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A priest from the Vatican is sent to Sao Paulo, Brazil to investigate the appearance of the face of the Virgin Mary on the side of a building. While there he hears of a statue of the Virgin Mary bleeding tears in a small town outside of the city. Meanwhile, a young woman in the U.S. begins to show signs of stigmata, the wounds of Christ. The priest from the Vatican links up with her and cares for her as she is increasingly afflicted by the stigmata. Her ranting and raving finally begins to make sense to the priest who starts to question what his religion has stood for for the last 1900 years. Written by
Jeff Mellinger <email@example.com>
Stigmata was a very watchable interesting film which is engaging and thought provoking. It's certainly not a perfect movie but in patches was excellent, and the mood of the film was just right. It was suprisingly "non-hollywood" in many respects and very understated if you look beyond the gore of the mutilation and stigmata scenes.
My only major gripe with the movie was the sometimes ludicrous way that characters close to Frankie (Patricia Arquette) seemed unwilling to take her seriously or believe her affliction despite the fact that they witnessed amazing supernatural events first hand. Her best mate who told her to chill out and relax because it was a Friday night, having seen this event earlier in the week, bordered on high farce. Surely all the doctors, clergy and news reporters in the world would have been at her bedside after seeing the train video camera of this event?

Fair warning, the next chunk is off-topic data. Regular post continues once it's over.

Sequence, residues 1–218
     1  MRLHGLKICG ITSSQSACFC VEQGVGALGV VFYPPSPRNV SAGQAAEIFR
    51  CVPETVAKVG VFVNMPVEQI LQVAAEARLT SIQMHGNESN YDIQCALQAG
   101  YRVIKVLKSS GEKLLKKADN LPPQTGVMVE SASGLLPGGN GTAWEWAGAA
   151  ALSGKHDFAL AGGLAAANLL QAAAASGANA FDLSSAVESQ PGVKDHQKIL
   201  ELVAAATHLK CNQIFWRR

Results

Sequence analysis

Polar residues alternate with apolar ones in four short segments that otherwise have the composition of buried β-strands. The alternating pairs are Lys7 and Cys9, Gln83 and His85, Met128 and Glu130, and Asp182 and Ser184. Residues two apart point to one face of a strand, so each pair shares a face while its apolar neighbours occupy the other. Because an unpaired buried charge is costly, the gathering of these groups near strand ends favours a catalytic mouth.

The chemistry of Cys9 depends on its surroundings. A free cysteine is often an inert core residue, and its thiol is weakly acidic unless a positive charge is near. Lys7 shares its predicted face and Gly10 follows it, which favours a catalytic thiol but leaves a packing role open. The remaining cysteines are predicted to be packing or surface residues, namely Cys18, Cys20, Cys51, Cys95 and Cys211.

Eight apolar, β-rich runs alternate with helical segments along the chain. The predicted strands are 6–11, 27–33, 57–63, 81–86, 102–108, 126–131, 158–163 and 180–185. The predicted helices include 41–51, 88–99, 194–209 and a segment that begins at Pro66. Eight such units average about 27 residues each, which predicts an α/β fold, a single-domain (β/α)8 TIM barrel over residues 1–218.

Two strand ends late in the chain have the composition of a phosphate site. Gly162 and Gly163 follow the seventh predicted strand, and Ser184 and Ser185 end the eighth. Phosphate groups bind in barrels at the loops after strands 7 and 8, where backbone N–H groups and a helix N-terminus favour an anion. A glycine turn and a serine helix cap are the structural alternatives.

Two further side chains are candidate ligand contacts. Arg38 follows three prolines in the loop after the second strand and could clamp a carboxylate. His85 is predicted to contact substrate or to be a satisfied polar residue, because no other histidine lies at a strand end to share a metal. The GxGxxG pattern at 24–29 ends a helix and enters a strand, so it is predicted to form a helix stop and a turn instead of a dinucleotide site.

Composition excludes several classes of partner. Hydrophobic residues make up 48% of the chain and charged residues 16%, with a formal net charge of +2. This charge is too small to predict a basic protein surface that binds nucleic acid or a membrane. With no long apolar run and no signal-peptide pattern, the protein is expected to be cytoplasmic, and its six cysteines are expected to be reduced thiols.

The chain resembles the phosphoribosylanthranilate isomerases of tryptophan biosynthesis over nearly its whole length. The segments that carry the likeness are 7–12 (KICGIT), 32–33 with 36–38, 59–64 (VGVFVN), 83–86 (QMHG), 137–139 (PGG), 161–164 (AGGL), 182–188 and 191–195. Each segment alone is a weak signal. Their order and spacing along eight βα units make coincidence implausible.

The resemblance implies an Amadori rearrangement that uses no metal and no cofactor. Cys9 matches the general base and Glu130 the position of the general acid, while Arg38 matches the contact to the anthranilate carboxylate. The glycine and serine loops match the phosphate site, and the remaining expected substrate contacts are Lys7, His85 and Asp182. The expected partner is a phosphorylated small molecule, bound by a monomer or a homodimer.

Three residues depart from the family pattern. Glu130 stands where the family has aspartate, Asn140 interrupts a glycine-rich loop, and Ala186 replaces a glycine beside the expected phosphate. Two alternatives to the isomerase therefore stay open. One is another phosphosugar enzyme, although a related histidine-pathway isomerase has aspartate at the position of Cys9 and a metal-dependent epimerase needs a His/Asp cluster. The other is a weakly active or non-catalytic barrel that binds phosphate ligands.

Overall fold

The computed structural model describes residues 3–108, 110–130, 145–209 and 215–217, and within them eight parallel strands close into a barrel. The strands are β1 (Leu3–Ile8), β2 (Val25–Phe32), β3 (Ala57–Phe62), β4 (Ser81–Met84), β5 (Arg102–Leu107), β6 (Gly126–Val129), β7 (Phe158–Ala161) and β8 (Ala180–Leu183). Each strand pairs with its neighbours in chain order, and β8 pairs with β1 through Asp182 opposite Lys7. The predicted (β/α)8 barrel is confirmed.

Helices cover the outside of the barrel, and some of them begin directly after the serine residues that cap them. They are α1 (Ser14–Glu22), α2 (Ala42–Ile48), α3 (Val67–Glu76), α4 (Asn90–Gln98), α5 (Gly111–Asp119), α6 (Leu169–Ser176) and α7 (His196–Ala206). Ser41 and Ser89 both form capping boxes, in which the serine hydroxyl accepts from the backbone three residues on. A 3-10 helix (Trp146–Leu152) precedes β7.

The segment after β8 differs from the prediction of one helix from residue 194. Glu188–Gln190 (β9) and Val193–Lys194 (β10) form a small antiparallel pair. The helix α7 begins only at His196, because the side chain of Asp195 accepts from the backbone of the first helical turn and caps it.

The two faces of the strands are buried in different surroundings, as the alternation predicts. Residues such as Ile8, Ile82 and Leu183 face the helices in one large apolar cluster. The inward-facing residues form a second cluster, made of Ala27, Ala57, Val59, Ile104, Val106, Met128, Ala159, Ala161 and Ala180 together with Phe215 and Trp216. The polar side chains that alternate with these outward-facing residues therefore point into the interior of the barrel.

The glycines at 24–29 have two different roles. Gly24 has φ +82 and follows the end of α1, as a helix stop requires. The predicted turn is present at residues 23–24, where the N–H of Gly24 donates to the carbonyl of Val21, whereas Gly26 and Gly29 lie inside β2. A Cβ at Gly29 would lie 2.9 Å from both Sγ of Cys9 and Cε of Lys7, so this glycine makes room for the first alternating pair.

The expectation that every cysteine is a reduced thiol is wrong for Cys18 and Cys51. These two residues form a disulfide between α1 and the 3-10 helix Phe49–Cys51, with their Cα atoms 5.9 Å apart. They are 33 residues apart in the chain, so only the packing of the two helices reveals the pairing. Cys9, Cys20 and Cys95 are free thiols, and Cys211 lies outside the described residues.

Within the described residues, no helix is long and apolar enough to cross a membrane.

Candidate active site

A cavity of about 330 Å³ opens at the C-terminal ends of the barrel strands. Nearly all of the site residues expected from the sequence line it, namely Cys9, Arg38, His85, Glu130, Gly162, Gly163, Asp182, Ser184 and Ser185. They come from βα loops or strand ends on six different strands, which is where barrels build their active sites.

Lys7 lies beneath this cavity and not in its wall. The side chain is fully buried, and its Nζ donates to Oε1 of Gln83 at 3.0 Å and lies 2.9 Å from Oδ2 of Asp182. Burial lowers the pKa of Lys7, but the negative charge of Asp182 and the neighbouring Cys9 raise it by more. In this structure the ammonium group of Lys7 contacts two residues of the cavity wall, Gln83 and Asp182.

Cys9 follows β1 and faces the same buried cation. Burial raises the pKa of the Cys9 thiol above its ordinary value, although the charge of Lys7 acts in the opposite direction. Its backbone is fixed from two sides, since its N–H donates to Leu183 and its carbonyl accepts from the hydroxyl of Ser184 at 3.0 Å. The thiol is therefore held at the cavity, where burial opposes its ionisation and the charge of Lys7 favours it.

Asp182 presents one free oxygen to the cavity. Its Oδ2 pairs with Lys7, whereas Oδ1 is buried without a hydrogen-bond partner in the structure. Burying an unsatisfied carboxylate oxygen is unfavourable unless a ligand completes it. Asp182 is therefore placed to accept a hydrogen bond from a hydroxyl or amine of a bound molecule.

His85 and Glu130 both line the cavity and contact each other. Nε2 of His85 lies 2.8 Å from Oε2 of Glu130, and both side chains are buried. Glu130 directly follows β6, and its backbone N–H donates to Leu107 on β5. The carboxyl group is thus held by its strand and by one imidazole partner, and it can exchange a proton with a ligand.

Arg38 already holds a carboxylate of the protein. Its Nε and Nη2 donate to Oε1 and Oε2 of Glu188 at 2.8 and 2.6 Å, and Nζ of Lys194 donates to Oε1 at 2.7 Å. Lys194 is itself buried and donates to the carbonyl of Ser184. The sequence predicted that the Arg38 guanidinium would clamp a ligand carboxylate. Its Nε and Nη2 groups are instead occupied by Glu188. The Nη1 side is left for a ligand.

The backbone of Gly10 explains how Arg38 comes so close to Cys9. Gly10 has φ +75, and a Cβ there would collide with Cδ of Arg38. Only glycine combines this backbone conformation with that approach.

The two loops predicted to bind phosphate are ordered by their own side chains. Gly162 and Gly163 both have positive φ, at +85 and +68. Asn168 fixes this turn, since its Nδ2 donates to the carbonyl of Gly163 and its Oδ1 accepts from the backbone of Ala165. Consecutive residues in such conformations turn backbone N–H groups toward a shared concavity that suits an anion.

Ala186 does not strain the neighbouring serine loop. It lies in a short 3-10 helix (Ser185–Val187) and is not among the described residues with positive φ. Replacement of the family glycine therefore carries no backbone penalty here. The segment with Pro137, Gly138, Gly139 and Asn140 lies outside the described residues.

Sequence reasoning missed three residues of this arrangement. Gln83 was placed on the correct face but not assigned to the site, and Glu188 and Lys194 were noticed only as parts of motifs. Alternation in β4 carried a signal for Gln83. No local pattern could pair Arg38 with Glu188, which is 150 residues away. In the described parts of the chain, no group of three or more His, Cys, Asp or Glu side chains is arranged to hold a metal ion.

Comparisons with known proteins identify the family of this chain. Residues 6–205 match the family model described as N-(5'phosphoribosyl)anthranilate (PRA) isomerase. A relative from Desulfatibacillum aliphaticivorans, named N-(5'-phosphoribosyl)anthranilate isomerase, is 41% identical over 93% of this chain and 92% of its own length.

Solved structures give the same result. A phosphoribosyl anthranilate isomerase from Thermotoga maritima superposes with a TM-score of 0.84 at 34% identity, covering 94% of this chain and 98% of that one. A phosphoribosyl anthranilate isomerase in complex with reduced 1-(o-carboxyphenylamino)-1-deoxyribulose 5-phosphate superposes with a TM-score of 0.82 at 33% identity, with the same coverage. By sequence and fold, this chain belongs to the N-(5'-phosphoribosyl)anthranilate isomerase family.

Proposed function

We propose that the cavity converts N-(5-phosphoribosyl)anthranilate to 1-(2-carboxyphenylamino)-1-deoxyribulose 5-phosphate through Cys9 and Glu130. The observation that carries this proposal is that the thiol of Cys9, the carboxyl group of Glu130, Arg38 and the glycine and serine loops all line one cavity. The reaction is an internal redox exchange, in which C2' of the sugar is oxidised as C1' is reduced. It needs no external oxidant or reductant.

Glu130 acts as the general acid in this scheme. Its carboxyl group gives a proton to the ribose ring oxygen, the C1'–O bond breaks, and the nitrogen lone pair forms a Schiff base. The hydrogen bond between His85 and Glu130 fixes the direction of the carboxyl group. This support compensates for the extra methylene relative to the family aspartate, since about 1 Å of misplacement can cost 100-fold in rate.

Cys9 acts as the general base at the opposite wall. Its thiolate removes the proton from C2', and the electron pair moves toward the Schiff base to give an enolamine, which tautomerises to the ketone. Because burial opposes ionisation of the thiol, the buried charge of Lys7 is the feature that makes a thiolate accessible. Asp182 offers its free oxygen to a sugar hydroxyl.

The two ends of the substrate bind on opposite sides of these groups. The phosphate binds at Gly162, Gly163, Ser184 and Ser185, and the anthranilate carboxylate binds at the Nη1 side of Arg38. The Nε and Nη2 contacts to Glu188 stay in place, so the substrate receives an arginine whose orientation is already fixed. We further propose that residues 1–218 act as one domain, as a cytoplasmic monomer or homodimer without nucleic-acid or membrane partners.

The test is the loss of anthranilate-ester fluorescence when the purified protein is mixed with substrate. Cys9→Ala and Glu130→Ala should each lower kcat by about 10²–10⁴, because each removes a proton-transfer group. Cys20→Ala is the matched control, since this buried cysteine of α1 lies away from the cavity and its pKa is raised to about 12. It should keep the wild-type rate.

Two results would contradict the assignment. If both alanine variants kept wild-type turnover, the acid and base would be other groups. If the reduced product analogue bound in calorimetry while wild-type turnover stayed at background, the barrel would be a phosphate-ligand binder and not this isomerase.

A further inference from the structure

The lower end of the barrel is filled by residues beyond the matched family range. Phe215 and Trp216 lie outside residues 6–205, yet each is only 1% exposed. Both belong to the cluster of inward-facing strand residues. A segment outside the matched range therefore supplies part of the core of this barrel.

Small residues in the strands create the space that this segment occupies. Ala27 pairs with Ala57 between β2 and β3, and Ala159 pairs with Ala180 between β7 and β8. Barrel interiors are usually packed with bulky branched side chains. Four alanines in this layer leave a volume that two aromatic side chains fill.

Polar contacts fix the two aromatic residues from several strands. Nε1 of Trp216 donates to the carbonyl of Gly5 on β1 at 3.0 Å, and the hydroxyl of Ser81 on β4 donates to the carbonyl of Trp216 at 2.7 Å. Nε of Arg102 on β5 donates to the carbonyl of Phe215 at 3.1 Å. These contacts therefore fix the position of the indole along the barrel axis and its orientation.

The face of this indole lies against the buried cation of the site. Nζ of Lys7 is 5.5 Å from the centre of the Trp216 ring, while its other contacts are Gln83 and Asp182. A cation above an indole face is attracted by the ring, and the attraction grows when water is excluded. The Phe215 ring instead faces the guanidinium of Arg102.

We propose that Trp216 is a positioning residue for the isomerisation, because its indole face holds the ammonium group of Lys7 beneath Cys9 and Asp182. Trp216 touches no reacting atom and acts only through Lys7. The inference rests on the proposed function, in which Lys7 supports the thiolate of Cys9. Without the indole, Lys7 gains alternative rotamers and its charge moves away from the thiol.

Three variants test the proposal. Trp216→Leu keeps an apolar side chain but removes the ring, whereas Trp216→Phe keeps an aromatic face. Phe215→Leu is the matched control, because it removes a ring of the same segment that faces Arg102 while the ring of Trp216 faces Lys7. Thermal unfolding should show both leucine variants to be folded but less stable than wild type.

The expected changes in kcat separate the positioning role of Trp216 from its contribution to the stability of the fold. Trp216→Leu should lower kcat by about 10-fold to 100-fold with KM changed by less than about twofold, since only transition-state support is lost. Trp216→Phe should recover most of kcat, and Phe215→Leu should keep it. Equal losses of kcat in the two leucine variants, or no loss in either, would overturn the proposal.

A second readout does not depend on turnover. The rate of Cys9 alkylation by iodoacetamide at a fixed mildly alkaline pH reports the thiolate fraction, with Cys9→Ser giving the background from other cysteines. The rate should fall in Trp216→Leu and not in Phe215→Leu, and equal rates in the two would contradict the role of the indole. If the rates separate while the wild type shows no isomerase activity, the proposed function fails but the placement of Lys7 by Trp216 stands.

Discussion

Anyway, this aside, many other aspects of the film were first rate and I was pleased the DVD version had the alternate and, in my opinion, better ending (subtle though the difference is). Comparisons with the Exorcist seem to cloud the opinions of many people in relation to this film, and my advice would be just to watch it and take it for what it is. The concept is quite original and the examination of faith and the modern church is interesting. Certainly I wouldn't say the film was anti-religious, in fact in many respects it adds weight to religious belief as the concept introduces the stigmata phenomenom to the audience.
Overall, very good, 7 out of 10.
29 of 36 people found this review helpful.
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